Note that "Estimates of proved crude oil reserves do not include the following: (1) oil that may become available from known reservoirs but is reported separately as "indicated additional reserves"; (2) natural gas liquids (including lease condensate); (3) oil, the recovery of which is subject to reasonable doubt because of uncertainty as to geology, reservoir characteristics, or economic factors; (4) oil that may occur in undrilled prospects; and (5) oil that may be recovered from oil shales, coal, gilsonite, and other such sources. It is necessary that production, gathering or transportation facilities be installed or operative for a reservoir to be considered proved."

    Estimates that include more speculative oil reserves could bring the number up to about 20 times current yearly consumption, not 200 times current yearly consumption. However, an estimated 1-3 trillion barrels seem to be locked up in kerogen ("oil shale" that is different from "shale oil" that frackers are pumping oil from) that is currently uneconomical to extract oil from; including those would bring reserves to where the 200 times current production is in the ballpark.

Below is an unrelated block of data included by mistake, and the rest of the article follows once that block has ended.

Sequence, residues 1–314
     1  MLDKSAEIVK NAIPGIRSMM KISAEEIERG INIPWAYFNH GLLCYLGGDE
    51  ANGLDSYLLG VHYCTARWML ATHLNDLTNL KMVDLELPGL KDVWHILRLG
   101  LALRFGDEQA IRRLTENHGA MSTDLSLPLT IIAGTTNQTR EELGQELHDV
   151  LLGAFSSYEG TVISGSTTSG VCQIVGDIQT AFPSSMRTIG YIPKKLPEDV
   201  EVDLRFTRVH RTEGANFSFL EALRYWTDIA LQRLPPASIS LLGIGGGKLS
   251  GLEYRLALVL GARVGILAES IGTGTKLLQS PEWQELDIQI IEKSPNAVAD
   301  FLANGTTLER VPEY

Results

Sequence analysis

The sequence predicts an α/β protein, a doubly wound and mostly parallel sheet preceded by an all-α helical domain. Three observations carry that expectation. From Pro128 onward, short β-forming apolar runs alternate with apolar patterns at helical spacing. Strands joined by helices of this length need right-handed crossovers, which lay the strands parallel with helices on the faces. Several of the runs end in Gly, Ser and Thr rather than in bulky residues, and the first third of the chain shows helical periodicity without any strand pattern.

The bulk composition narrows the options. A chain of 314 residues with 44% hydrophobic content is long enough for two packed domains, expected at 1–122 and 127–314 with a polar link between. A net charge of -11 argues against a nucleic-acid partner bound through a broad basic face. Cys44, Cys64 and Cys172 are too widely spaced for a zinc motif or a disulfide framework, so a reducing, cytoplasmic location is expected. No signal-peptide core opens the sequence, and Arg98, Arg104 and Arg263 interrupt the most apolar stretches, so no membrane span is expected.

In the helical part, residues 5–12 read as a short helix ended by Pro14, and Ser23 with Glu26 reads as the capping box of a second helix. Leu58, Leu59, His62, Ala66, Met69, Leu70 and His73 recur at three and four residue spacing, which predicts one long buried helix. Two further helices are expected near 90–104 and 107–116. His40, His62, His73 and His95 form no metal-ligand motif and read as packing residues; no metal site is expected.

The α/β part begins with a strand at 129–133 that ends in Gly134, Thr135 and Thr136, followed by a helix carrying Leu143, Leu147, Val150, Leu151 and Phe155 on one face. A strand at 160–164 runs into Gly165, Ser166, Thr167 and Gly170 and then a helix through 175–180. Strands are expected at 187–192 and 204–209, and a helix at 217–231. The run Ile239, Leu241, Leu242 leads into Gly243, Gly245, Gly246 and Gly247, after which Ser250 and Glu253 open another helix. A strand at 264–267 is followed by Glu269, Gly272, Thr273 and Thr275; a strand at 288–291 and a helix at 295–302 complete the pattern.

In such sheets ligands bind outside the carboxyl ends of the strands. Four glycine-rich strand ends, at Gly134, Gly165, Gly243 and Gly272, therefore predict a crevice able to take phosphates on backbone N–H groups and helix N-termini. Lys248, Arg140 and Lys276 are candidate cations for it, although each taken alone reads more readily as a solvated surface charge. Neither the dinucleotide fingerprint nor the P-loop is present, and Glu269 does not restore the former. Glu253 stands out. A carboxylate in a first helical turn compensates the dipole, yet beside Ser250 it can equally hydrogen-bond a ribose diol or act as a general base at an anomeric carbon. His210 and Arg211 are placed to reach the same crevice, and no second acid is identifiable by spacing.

edited September 18
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  • sushirittosushiritto 4001 replies12 threadsRegistered User Senior Member
    Along with the NM taxpayer, I'm sure the environment "pays" too.
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  • dropbox77177dropbox77177 266 replies0 threadsRegistered User Junior Member
    edited September 18
    From the Forbes article:
    The plan is estimated to cover as many as 55,000 students and cost between $25 and $35 million per year, a modest price tag that reflects the relatively low in-state tuition....
    Those numbers sound fishy. Even at $35 million, that would only be $630 per student.

    But this might suggest an explanation:
    As in several other state plans, New Mexico’s tuition coverage would kick in only after already existing state aid and federal Pell grants had been applied. One paradoxical impact of such an approach is that rich students will receive more state assistance than low-income students, many of whom will have much of their costs covered by Pell grants.